The 2000 Cardinal posted a record of 28-5 on its way to a third-place finish at the Collegiate Nationals, and boasted five All-Americans, four players named to Collegiate National All-Tournament teams, and eight Academic All-Americans.
In 1999, the team posted a 25-6 record and placed second at the Collegiate Nationals, falling to USC 7-6 in five overtimes in the Championship game.
In his first year as head coach in 1998, Tanner led Stanford to a 29-6 record and a third place finish at the Collegiate National Championships. That same year, he was named MPSF Coach of the Year, having, at the time, led the Cardinal to its most successful season in the history of the program.
A former Stanford water polo All-American himself, Tanner returned to his alma mater with a fortune of knowledge gained from years of coaching, both at the collegiate and international levels. Tanner has been involved with United States Water Polo in various capacities from 1988 to the present. He was the assistant coach of the U.S. Men's National Team that placed sixth at the 2000 Olympics in Sydney. He garnered the second World Championship of his career in 1997 as the Americans captured the World Cup in Athens, Greece.
Tanner began his international coaching career in 1988 as a scout coach for the U.S. National "A" Team. In December of 1998, he was appointed as head coach of the U.S. National "B" Team, a position he held until early 1991. In March of 1991, he was named the assistant coach of the U.S. Olympic Team. He helped the U.S. squad capture gold at the 1991 World Cup and a fourth-place finish at the 1992 Olympics in Barcelona.
In 1980, while a student-athlete at Stanford, Tanner became involved with coaching when he served as the head coach at Menlo-Atherton High School for one season. He then coached Menlo School for the 1983 season. In 1984, he served as an assistant coach for the Stanford men's water polo team under his former coach Dante Dettamanti, when the team advanced to the NCAA title match and finished the year with a 25-5 mark.
Following the 1984 season, Tanner was hired as the head coach of the men's water polo team at the University of the Pacific in Stockton, California. In 1988, he was named the school's Director of Aquatics and the head coach of the men's swimming program, holding all three titles until his appointment at Stanford in 1996. His teams finished in the top 15 in the nation all of his 12 years and in the top-10 each of his last 10 years. He captured Big West Conference Coach-of-the-Year honors in 1991, and in 1993 his squad finished fifth at the NCAA Championships.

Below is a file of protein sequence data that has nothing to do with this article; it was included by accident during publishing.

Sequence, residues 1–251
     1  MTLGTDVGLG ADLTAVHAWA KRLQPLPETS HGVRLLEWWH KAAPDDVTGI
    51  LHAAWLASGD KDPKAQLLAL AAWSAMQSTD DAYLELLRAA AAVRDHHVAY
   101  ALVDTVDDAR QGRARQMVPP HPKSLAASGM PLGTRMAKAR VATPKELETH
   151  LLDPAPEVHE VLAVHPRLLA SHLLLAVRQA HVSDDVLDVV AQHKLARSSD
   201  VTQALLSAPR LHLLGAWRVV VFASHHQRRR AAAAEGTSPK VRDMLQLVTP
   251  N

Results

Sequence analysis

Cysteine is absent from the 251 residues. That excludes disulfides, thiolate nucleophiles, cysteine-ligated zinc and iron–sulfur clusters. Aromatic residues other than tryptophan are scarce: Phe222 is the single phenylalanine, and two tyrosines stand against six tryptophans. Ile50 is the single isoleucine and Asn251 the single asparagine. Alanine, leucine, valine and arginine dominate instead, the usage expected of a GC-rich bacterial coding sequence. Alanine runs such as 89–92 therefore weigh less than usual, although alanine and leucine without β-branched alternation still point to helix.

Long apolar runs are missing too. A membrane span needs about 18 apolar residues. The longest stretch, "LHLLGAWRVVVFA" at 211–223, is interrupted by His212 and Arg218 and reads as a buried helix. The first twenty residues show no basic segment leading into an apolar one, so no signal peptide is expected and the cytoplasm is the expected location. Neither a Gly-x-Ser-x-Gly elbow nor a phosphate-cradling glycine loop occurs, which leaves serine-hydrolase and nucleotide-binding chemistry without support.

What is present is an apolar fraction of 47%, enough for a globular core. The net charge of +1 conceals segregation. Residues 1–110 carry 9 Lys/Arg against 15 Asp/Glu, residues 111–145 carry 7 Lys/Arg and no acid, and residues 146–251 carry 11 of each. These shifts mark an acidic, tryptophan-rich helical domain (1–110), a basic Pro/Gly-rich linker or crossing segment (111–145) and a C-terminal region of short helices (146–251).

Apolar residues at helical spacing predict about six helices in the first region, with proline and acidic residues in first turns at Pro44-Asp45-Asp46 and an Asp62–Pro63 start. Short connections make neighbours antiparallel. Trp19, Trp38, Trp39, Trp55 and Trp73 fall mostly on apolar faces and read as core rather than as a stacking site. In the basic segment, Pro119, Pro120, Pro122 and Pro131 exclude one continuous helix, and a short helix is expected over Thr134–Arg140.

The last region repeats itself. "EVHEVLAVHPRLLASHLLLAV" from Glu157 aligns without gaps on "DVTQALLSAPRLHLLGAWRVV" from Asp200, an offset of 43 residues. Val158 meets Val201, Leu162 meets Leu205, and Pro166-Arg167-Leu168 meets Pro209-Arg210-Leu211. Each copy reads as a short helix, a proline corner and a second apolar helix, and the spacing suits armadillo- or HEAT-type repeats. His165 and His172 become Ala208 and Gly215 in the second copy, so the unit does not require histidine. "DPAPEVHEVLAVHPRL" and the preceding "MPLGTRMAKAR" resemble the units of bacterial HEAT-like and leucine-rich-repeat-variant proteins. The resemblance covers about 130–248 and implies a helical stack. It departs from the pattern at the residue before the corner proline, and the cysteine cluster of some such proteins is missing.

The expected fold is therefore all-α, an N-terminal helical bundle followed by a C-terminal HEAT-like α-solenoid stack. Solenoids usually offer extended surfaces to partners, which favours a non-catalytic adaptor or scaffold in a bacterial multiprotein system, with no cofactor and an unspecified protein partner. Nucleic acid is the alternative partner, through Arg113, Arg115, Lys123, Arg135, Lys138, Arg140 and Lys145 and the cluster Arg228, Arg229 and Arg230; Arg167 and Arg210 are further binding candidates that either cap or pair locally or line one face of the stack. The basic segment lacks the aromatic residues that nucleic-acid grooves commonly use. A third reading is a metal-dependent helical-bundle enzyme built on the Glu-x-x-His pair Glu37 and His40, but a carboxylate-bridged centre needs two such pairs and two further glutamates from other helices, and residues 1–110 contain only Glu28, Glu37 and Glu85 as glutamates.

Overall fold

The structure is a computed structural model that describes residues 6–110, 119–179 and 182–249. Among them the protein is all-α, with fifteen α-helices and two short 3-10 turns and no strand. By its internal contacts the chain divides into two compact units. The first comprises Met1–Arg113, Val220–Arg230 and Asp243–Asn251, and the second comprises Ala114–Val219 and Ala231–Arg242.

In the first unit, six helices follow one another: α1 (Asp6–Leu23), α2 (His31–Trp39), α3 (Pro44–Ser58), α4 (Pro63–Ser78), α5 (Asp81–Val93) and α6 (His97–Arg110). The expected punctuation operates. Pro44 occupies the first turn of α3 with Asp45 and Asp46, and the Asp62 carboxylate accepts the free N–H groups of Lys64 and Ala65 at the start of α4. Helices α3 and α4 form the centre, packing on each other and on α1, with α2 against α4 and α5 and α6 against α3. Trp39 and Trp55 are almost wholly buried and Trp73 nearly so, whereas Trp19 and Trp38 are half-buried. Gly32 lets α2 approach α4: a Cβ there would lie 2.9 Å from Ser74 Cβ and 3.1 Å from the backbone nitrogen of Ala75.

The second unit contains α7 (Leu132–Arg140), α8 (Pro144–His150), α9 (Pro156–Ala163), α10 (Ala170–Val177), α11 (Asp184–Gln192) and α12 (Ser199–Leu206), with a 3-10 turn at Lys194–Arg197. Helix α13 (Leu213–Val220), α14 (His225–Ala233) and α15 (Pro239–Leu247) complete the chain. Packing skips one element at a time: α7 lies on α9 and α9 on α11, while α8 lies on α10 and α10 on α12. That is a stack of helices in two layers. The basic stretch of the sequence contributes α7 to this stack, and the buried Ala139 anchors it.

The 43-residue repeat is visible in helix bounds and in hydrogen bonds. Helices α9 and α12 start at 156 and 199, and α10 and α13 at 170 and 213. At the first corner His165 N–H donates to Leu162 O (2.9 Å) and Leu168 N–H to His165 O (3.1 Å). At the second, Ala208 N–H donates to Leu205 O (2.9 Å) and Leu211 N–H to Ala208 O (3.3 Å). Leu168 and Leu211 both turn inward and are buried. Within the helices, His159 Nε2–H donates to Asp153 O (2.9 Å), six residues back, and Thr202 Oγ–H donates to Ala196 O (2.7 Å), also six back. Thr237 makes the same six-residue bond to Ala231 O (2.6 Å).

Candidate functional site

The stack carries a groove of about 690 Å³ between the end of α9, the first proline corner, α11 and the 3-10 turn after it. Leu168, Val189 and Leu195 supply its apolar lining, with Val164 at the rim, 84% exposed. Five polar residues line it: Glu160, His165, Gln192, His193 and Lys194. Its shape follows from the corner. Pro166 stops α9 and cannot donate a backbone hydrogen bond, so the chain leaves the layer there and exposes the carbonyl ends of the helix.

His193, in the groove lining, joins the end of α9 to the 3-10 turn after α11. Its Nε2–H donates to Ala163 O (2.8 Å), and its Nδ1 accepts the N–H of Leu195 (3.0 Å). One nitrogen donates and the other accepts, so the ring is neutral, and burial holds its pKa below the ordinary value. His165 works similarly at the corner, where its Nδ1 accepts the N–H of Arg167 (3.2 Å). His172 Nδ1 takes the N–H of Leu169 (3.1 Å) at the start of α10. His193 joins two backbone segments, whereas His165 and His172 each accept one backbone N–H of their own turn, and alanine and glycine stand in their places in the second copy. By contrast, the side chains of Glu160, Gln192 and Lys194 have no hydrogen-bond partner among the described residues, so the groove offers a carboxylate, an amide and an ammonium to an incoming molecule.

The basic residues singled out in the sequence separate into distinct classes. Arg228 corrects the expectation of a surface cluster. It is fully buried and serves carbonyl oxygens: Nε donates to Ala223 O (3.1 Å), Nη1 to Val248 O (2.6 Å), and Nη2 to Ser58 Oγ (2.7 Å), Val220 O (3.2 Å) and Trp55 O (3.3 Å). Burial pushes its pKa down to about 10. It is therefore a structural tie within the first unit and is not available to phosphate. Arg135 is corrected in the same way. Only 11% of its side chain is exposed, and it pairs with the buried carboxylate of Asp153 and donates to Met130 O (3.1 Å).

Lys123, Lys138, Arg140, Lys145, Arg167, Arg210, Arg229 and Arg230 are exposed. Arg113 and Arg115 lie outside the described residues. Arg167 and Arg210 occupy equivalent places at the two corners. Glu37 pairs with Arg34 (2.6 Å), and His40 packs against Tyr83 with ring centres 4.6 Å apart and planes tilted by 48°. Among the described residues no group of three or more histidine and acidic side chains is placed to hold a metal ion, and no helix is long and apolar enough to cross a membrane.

As the men's swimming coach at Pacific, he led the Tigers to a top-20 finish at the NCAA Tournament and coached Brad Schumacher, Pacific's first and only Olympic gold medalist in any sport. Tanner served as Schumacher's coach at the 1996 Summer Olympics in Atlanta, where he earned two gold medals as a member of the U.S. 4x100-meter and 4x200-meter free relay teams.
Originally recruited from Menlo-Atherton High School to swim at Stanford, Tanner instead played on the water polo team his freshman year, beginning a career (1978-82) that spanned three national championships and culminated in All-America honors his senior year. Tanner, a left-handed driver, started for the Cardinal in 1981 and helped lead Stanford to a perfect 31-0 record and its fourth national crown. The undefeated season was only the second in NCAA water polo history. Tanner ranked sixth on the team in goals in 1981, with 27, and was named All-America Honorable Mention. In 1982, he finished his career with a 48-goal performance, tying for second on the squad, and helped lead the Cardinal to a 27-5 record and its third-straight NCAA championship match appearance. Tanner was named to the NCAA All-Tournament Team, and, for his efforts throughout the season, earned All-America honors. He graduated in December 1982 with a bachelor's degree in political science.
In addition to coaching, Tanner has been a prominent member of several committees with United States Water Polo. He has served on the men's and women's National Team Head Coach Selection Committees, the Men's International/Olympic Committee and the National Coaches Committee. Tanner is also a member of the American Water Polo Coaches Association and United States Water Polo, Inc.